Through dust, heat, ANA lead operation to success
The people in Trek Nawa, an area between the Marjah and Nawa district, were witnesses to an unusual sight April 23-26. The Afghan National Army dispatched about 190 soldiers from various tolais within 1st Kandak, 1st Brigade, 215th Corps, to areas throughout the expanding landscape. During this maneuver, Marines with 2nd Battalion, 6th Marine Regiment partnered with the kandak to clear the area during the Afghan-led Operation High Noon 15.
To reach their objectives, Afghan soldiers with their Marine counterparts often hiked through a range of open, dry, dusty ground to lush green fields in knee-high plants.
During the operation, three Afghan tolais patrolled from north to south, clearing the area, while searching for weapon caches and improvised explosive devices.
A fourth tolai supported the operation by blocking the escape routes of possible insurgents.
“The Marines’ role in the operation was a supporting one,” said ANA 1st Sgt. Mubarak, the operations first sergeant with the kandak.
A Marine platoon accompanied each tolai during the operation, providing extra firepower, and logistical support.
“Our mission was to follow and support,” said 1st. Lt. Joseph Hoeksema, a platoon commander with Weapons Co. “I helped if they needed it, but it was an ANA-led operation.”
Hoeksema’s platoon accompanied the Weapons tolai during the operation.
“(The ANA) planned the patrols, searched the houses and talked to the local people,” said 1st Lt. Qeyashkhan, the executive officer with Weapons tolai.
After several hours of clearing the northern part of the area, Qeyashkhan decided to establish a temporary patrol base in a local compound. Marines and Afghan soldiers soaked in sweat, from the intense heat of an unfiltered Afghan sun, as they set up their command center, security posts and radios. They had hiked about eight miles before they reached their resting point.
“It was really hot and we were running low on water,” said Qeyashkhan. The first priority was getting resupplied with water and food for the next couple days.
The ANA established their patrol base near a major road that provided Afghan resupply trucks easy access to the soldiers. They chose roads that their route clearing patrols could drive through. Route clearing vehicles are specially equipped trucks designed to find and clear IEDs so others can drive safely on the road.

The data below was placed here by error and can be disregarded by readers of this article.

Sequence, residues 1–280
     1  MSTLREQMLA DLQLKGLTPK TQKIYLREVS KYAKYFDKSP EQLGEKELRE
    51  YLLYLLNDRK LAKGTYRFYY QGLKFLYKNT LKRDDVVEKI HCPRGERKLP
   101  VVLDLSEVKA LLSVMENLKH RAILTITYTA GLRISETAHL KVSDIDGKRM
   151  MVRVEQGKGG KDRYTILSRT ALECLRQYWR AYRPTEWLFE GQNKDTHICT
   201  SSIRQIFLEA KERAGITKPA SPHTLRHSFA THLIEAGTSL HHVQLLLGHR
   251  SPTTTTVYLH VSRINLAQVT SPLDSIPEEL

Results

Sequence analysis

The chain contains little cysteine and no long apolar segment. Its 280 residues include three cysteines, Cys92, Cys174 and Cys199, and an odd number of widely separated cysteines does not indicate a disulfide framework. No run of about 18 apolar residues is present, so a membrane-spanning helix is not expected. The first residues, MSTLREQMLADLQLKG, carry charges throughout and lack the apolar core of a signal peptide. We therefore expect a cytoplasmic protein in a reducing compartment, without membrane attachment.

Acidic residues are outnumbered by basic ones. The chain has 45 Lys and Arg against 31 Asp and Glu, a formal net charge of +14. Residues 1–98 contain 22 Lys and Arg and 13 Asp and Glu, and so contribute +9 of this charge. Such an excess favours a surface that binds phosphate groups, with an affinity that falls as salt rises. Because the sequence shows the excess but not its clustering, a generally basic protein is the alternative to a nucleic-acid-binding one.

“Some routes are too narrow to get our trucks through so we worked with the Embedded Training Team to find the routes we could go through,” said Mubarak.
The logistics of getting supplies to the patrol bases and the communication between different tolais was a focus prior to the operation.
“Operationally, they are ready to fight, ready to go out there, and I think they do a pretty good job,” said Capt. Stephen Walker, the operations advisor with the ETT.
Walker added that they also did a great job getting supplies to the troops and coordinating with each other.
On day two of the operation the tolais conducted partnered patrols with the Marines. Afghan squads, intermixed with Marines, went through the surrounding areas, talking to locals and clearing houses.
“This is an (insurgent) hotspot and we’ve been engaged by as many as 10 insurgents, found IEDs, weapons caches, you name it,” said Hoeksema, a native of Davenport, Iowa.
Marines and ANA soldiers could be seen traversing the terrain throughout the day, jumping over wadeis, an irrigation system for the field, and going from compound to compound under the blistering sun.
The patrols walked through fields, some blooming with poppy, others dried up from the heat.
Some tolais didn’t find much; however, their presence in the area was enough to scare off any insurgents.
“We didn’t find any caches or IEDs, but we talked to locals and let them know we are here for them,” said Qeyashkhan.
The cracked earth was pounded by both Marine and Afghan boots as they continued to patrol throughout the day. Other tolais had more success finding caches, IEDs and detaining a suspected insurgent leader.
“We tried to flood the area with ANA presence,” said Walker, a native of Morganton, N.C. “The patrols allowed the (ANA) to get a better feel for the area and talk to more locals.”
On the third day the tolais continued south, while still clearing the area, before returning to Patrol Base Jersey.
The landscape around PB Jersey is sparse with fields lined of cracks that go on for several miles. With the clouds providing some relief from the glowing sun, one by one the different tolais arrived at base camp along with their supporting Marines.
The kandak planned for this operation for nearly two weeks.
After three days, about 190 troops returned without a single casualty and captured a suspected insurgent leader.
As the last of the patrols arrived at PB Jersey, sweat dripping from their chin, smiles were on both Afghan and Marine faces. The operation, planned by the kandak with minimal Marine influence had run smoothly and one of the most active insurgent areas had been successfully neutralized without any losses.
“They did well,” said Hoeksema. “They planned it all and executed it accordingly.”
Article by Cpl. Timothy Lenzo, 1st Marine Division